On Tuesday, Kevin Drum posted this chart showing the growth in total government spending — that means federal, state and local — adjusted by population (“per capita”).
The takeaway, Drum says, is that “total government spending didn’t go up much during the Clinton era, and it’s actually declined during under President Obama. In the last two decades, it’s only gone up significantly during the Bush era, the same era in which taxes were cut dramatically.”
But some said Drum’s chart was a trick, as it looked at total government spending rather than just federal spending. So on Wednesday, he posted a second chart. This one only included federal spending and it didn’t adjust for population growth. The only thing is adjusts for is inflation. Here it is:
Of the two charts, the second is considerably more misleading. For one thing, part of the reason federal expenditures rose is that state and local expenditures fell so sharply. If you miss that information, you miss a lot of the story. For another, the sharp rise in federal spending begins in late-2009 and is largely over by 2010. It’s ridiculous to attribute all that spending to Obama, who wasn’t in office when it began, rather than to the recession, which is the clear and obvious cause.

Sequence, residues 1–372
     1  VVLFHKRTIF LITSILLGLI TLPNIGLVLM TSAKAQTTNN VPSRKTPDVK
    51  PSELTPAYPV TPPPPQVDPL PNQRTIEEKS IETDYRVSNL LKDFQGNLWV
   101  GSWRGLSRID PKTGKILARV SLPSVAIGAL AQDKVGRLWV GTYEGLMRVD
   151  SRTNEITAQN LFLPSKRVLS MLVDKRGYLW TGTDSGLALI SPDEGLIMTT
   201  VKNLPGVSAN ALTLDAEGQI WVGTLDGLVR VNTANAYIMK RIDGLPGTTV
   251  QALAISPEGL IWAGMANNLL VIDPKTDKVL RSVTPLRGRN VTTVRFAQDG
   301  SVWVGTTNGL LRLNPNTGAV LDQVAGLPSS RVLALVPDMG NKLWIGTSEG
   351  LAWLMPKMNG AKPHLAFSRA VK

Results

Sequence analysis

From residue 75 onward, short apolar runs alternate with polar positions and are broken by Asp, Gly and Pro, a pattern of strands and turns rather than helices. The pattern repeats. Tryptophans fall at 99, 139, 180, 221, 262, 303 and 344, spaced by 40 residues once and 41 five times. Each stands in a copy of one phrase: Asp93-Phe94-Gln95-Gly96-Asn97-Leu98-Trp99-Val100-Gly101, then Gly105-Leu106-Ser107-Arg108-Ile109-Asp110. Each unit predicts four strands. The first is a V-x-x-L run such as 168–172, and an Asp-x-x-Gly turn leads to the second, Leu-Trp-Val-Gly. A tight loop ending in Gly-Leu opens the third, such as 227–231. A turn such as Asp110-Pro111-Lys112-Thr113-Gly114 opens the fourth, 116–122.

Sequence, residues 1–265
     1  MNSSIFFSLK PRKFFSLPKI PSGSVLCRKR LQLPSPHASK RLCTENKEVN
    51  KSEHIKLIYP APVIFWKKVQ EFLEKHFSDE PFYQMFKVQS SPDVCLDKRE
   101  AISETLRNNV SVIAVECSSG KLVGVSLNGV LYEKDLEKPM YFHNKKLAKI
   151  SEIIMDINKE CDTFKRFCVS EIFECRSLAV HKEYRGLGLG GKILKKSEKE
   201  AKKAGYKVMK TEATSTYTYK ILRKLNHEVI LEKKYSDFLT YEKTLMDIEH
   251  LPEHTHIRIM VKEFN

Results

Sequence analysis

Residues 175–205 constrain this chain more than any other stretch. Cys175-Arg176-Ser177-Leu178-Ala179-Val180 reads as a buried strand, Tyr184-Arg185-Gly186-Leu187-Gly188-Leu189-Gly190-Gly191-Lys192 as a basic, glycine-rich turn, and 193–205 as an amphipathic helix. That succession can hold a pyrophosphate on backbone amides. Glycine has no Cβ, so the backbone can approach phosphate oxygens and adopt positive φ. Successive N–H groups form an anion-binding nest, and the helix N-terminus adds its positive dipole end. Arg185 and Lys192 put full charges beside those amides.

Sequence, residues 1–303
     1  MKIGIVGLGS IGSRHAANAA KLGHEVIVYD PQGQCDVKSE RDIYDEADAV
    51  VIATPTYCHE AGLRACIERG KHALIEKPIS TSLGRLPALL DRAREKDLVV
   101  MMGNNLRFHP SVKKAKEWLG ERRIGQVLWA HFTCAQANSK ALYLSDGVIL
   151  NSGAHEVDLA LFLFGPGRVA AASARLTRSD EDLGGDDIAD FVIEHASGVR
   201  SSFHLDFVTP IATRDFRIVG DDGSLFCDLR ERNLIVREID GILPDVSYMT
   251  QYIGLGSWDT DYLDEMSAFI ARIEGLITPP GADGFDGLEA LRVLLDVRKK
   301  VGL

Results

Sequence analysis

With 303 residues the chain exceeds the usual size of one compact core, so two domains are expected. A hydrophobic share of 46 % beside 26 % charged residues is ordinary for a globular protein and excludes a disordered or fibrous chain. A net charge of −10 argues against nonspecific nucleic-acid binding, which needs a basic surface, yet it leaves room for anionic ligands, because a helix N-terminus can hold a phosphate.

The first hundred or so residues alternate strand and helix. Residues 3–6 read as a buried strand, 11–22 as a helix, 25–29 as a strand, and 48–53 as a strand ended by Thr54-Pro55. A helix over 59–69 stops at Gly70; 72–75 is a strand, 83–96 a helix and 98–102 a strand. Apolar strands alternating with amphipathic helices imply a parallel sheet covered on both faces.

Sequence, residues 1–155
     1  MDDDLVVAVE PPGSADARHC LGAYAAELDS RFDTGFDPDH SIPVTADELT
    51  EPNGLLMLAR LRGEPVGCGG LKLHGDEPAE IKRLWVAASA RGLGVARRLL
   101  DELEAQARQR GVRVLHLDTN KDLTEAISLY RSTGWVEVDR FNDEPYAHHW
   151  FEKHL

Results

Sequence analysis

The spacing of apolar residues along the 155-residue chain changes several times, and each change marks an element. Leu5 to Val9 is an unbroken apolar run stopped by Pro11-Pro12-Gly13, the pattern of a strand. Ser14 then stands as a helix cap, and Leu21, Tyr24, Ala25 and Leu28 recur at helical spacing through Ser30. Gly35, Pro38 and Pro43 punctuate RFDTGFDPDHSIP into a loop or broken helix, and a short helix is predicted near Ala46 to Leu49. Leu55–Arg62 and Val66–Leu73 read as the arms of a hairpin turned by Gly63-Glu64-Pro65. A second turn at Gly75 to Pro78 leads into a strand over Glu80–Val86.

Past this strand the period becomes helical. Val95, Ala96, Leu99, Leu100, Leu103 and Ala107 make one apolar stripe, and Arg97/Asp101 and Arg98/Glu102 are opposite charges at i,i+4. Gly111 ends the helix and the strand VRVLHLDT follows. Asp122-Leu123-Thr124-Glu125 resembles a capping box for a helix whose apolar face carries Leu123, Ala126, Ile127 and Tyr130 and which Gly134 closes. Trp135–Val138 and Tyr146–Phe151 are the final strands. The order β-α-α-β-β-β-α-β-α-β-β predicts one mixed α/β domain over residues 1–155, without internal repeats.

But even accounting for that, Drum writes, “it’s safe to say that even by 2016 the biggest increase in spending, by far, will have come during the Bush years.” More detail on that spending here.
Now, a fair critique here would be that if Obama had his way, we would’ve spent even more, as we would’ve passed more stimulus, including the American Jobs Act. That’s true. But if Obama had his way, we also would’ve done more deficit reduction, as his preferred tax increase was $1.6 trillion rather than $600 billion, and he’s proposed hundreds of billions in spending cuts that Congress hasn’t adopted.